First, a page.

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16 Apr, 2024 16:59

Scholz has one trump card in talks with China, but he’ll never use it

The German chancellor has a weak hand to play with Beijing, and he won’t dare do the only thing that could give him leverage
Scholz has one trump card in talks with China, but he’ll never use it

German Chancellor Olaf Scholz is on a three-day visit to China. He is not traveling alone. A large delegation of German business representatives, including from flagship companies such as Mercedes, Siemens, and BMW, is coming along. Scholz’s agenda is ambitious: The chancellor wishes to talk about international trade and competition, climate politics, the tensions over Taiwan, the war in Ukraine and Beijing’s relationship with Russia. Since Iran has just made use of its clear right to self-defense and retaliated following Israel’s illegal attack on Tehran’s diplomatic premises in Damascus, Scholz felt compelled to make a statement about that as well.

Two of these topics tower above the others: matters of trade and the relationship between China and Russia. Regarding trade, the crucial issue is that the West in general – led by the US – has embarked on a policy of de facto economic warfare against China, while constantly threatening to escalate further.

That was the essence of Janet Yellen's recent Beijing trip; the US Treasury Secretary arrived with a list of demands to curb what America denounced as Chinese “overcapacity” and dumping, and left with a blunt warning that “nothing was off the table” in terms of additional strikes against China’s economy. 

Then there is the EU, which as usual, follows Washington’s lead. Under hardliners like European Commission President Ursula von der Leyen and Vice President Margrethe Vestager, Brussels is ramping up anti-Chinese rhetoric and measures. Beijing has officially been declared a partner for cooperation, an economic competitor, and a systemic rival.” With the EU Commission defining “economic security” clearly in opposition to China and launching probes targeting Chinese electric vehicles, wind turbines, and soon the procurement of medical devices, the accent clearly is on competitor and rival.

At the same time, however, German business leaders know that they cannot afford a policy of sustained conflict. A high-ranking Siemens executive has just gone public with a warning that “decoupling” from Chinese manufacturing would take “decades.” That, clearly, is just another way of saying it’s a very bad idea to even try.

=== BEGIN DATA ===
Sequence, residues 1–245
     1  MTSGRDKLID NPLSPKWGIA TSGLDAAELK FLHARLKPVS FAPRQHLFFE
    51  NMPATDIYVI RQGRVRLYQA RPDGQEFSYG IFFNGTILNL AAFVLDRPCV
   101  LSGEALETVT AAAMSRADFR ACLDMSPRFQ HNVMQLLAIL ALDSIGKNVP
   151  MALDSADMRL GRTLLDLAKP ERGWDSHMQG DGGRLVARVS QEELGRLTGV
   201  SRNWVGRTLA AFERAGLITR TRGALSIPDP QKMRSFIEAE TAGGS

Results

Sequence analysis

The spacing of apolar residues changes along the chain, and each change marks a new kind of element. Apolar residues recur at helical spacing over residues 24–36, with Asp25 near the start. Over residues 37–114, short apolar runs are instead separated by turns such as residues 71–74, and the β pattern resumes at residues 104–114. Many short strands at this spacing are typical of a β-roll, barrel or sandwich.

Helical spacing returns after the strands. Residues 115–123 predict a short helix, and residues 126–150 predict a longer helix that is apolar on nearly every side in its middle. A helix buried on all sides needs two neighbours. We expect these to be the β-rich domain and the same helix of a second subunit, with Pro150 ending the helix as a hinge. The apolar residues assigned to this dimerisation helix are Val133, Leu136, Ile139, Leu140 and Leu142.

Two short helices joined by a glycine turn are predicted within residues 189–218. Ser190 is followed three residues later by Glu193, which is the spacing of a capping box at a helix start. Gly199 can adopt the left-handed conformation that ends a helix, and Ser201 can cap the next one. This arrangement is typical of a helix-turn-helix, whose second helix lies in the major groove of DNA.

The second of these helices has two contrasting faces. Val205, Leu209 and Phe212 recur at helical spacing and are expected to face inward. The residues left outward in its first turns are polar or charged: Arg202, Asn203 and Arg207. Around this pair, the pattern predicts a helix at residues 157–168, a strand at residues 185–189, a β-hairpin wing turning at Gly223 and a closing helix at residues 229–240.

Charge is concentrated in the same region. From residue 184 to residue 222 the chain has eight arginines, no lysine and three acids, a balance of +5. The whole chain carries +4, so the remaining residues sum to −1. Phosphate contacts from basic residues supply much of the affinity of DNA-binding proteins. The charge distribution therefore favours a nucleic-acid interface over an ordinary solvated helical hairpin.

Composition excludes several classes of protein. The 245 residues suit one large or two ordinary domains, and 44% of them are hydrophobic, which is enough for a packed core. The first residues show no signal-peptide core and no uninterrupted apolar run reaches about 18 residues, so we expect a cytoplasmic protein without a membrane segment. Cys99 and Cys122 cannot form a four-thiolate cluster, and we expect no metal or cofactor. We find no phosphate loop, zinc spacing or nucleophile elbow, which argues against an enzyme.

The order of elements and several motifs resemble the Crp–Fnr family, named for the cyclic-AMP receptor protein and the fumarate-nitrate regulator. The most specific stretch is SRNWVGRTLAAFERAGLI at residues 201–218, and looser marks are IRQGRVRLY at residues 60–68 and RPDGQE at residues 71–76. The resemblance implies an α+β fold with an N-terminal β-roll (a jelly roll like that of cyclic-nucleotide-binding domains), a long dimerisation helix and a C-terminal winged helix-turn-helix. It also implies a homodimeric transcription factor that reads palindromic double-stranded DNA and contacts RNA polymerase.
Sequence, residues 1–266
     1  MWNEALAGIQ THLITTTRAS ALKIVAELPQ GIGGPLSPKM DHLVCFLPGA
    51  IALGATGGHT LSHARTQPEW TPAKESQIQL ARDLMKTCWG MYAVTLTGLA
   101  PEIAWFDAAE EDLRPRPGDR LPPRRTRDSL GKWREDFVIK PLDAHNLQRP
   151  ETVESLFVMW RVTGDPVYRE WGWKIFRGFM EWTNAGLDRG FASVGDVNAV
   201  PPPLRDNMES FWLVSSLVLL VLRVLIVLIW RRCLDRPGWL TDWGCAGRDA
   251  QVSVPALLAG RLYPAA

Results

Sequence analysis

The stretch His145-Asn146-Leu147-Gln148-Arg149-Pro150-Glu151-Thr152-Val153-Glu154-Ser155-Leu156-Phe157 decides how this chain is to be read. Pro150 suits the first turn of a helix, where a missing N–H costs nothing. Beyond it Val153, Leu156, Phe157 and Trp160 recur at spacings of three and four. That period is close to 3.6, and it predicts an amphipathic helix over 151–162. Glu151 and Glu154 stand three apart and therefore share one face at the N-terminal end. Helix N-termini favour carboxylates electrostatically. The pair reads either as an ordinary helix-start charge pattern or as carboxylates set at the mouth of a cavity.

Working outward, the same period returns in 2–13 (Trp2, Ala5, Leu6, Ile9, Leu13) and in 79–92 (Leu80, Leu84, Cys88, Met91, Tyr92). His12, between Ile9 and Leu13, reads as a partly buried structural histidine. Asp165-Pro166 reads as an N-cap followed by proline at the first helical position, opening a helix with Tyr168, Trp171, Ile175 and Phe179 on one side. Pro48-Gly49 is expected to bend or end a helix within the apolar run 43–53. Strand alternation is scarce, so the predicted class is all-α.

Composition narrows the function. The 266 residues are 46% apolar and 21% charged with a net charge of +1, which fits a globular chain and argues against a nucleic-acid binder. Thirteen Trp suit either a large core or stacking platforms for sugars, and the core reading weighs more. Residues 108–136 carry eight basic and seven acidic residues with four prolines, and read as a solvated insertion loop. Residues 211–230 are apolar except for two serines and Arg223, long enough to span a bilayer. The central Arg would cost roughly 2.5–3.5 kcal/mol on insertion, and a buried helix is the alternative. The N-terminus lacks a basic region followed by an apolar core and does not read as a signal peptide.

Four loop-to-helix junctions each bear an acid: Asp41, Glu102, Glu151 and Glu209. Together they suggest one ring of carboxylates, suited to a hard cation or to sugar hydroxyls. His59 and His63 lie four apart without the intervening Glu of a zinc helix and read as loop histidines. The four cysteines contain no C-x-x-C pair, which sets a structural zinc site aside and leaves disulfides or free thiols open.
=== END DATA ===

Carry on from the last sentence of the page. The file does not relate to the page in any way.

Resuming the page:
Superficially, it may appear that there is an opportunity here for Scholz – an opportunist to a fault – to appear as a mediator or, at least, to deftly balance and weave between competing demands. The Global Times, a media outlet owned by the Central Committee of the Chinese Communist Party, prefaced the chancellor’s visit with a generally welcoming article, depicting Scholz as, in essence, a dove among hawks, arguing that while Foreign Minister Annalena Baerbock and Economic Minister Robert Habeck stand for confrontation, the chancellor is seeking to find a balanced approach.

Yet, even if he wanted to try to be smart and flexible, Scholz is hamstrung in multiple ways. He will struggle to be taken seriously because both Germany and its chancellor lack international standing, and Germany lacks leverage in its relationship with China.

Let’s look at the leverage deficit first: In economic terms, the Chinese-German relationship is substantial and complex. Many factors are important; multiple indicators are relevant, such as, for instance, foreign direct investment (which is currently dipping). But overall trade volumes suffice to show that Germany cannot speak to Beijing from a position of strength or even parity.

China, according to 2023 export data, is still Germany’s single biggest trading partner, as Bloomberg has noted. That is not unusual in today’s world: with the second-largest economy in the world (the largest in Purchasing Power Parity terms), China is the top trade partner for a total of 120 countries.  China is also the largest (external) trade partner of the European Union as whole. However, from China’s perspective, Germany ranks only 8th among export destinations, less than the US, Japan, and even Vietnam. 

None of the above means that the economic relationship with Berlin does not matter to Beijing, but it does mean that it matters even more for Berlin. Among rational actors, such a pattern of mutual dependency is a reason for cooperation. What it certainly is not is one-sided leverage for Germany. If anyone has the whip hand here, it’s China, which may have tried to “gently” signal this fact with Scholz’s intriguingly low-key, not to say humiliating reception on his arrival in the Chinese manufacturing metropolis Chongqing.